Janet Grogan, a leading activist with the Say No to GMO campaign, described Arndt's article as "a thinly veiled pro-GM rant against organic foods".
"It was misinformed and biased. Arndt cites two cases to prove the dangers of eating organic foods, neither actually linked to organically-derived produce."
"What's more, her list of experts comes from pro-GM groups. Lord Taverne is the chairman of the pro-GM lobby group the Association of Sense in Science. His book was lambasted in the Guardian newspaper as mingling myth with fact."
A month later, on May 16, an article appeared in the West Australian, promoting the idea of growing GM cotton in the Ord River district of northern WA and attacking organic growers.
A key GM scientist, Dr Jim Peacock, claimed opponents of the scheme were largely "self-serving organic farmers and ill-informed environmental activists". Peacock was instrumental in developing GM cotton while working at the CSIRO. Some 100 hectare trials of GM cotton along the Ord have already been approved by the WA government.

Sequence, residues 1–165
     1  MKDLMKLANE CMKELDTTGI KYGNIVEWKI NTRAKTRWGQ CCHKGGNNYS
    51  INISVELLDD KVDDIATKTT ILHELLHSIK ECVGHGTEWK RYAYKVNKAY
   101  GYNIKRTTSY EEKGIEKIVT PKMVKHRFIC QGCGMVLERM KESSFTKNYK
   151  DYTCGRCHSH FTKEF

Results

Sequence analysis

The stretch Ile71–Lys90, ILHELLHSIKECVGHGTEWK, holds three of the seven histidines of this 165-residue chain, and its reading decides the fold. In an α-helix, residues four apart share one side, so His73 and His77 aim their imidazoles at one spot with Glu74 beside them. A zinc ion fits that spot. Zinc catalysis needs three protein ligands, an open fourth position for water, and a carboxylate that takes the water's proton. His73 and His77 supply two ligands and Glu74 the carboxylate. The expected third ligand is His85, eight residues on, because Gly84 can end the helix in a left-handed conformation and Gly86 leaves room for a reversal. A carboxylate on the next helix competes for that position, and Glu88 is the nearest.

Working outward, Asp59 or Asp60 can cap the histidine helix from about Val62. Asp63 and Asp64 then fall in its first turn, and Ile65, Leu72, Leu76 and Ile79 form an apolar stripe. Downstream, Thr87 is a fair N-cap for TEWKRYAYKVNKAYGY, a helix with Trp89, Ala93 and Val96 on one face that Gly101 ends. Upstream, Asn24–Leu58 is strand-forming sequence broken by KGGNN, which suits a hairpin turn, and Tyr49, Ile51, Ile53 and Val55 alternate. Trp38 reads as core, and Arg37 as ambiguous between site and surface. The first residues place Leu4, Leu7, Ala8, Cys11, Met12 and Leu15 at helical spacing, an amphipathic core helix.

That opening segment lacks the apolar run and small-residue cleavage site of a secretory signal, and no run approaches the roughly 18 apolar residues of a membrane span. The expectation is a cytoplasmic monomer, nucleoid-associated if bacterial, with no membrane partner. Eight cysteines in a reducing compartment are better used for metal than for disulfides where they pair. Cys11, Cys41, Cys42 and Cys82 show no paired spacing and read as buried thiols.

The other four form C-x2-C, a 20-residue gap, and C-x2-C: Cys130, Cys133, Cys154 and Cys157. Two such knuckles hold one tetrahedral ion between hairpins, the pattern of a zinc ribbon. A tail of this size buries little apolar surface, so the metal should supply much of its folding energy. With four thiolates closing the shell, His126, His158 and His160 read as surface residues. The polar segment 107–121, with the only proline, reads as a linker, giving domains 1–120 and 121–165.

Lilith is scathing about Peacock's criticism. "It's the pro-GM groups who are self-serving, interested only in making profits at the expense of farmers and community health. Moreover, GM cotton should be considered a Trojan horse as it leaves the door open for other unwanted GM crops."
Another attack on organics followed soon after. The May 22 edition of the Bulletin contained an exclusive titled "The Truth About Organic Food". Two large photos of shopping baskets graphically illustrate the expense of organic food over conventional.
Lilith contests the claim that organic food is expensive, saying, "A lot of supermarket pre-packaged food costs far more than organic staples. The typical household spends far more on junk food, or alcohol, or take-aways than on fruit and vegetables."
"The Bulletin article also ignores the nutritional benefits of organic produce", Lilith told GLW.